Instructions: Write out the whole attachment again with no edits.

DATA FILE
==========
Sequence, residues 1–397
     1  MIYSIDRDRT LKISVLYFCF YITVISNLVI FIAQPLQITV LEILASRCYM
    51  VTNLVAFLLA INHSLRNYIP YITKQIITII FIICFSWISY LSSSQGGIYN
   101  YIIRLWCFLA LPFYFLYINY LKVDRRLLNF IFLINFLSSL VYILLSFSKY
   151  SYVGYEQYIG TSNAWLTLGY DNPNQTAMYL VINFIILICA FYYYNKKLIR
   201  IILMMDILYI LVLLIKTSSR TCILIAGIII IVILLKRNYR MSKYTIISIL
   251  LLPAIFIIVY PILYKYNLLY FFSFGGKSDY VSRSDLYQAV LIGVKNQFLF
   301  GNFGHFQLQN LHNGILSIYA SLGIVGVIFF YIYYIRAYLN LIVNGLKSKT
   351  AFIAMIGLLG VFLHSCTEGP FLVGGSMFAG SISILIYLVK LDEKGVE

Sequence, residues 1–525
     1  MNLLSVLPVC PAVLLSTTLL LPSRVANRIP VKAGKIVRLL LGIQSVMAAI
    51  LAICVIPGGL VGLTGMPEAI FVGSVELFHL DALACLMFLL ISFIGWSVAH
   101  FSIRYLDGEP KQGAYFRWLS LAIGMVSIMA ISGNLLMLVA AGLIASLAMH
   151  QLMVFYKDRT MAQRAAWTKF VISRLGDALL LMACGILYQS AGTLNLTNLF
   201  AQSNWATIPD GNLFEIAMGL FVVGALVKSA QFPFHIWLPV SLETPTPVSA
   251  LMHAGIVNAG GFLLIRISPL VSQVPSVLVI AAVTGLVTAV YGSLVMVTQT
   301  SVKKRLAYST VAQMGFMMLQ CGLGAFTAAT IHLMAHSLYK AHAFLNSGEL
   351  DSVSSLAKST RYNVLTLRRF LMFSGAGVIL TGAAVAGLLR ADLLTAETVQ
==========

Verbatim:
Sequence, residues 1–397
     1  MIYSIDRDRT LKISVLYFCF YITVISNLVI FIAQPLQITV LEILASRCYM
    51  VTNLVAFLLA INHSLRNYIP YITKQIITII FIICFSWISY LSSSQGGIYN
   101  YIIRLWCFLA LPFYFLYINY LKVDRRLLNF IFLINFLSSL VYILLSFSKY
   151  SYVGYEQYIG TSNAWLTLGY DNPNQTAMYL VINFIILICA FYYYNKKLIR
   201  IILMMDILYI LVLLIKTSSR TCILIAGIII IVILLKRNYR MSKYTIISIL
   251  LLPAIFIIVY PILYKYNLLY FFSFGGKSDY VSRSDLYQAV LIGVKNQFLF
   301  GNFGHFQLQN LHNGILSIYA SLGIVGVIFF YIYYIRAYLN LIVNGLKSKT
   351  AFIAMIGLLG VFLHSCTEGP FLVGGSMFAG SISILIYLVK LDEKGVE

Sequence, residues 1–525
     1  MNLLSVLPVC PAVLLSTTLL LPSRVANRIP VKAGKIVRLL LGIQSVMAAI
    51  LAICVIPGGL VGLTGMPEAI FVGSVELFHL DALACLMFLL ISFIGWSVAH
   101  FSIRYLDGEP KQGAYFRWLS LAIGMVSIMA ISGNLLMLVA AGLIASLAMH
   151  QLMVFYKDRT MAQRAAWTKF VISRLGDALL LMACGILYQS AGTLNLTNLF
   201  AQSNWATIPD GNLFEIAMGL FVVGALVKSA QFPFHIWLPV SLETPTPVSA
   251  LMHAGIVNAG GFLLIRISPL VSQVPSVLVI AAVTGLVTAV YGSLVMVTQT
   301  SVKKRLAYST VAQMGFMMLQ CGLGAFTAAT IHLMAHSLYK AHAFLNSGEL
   351  DSVSSLAKST RYNVLTLRRF LMFSGAGVIL TGAAVAGLLR ADLLTAETVQ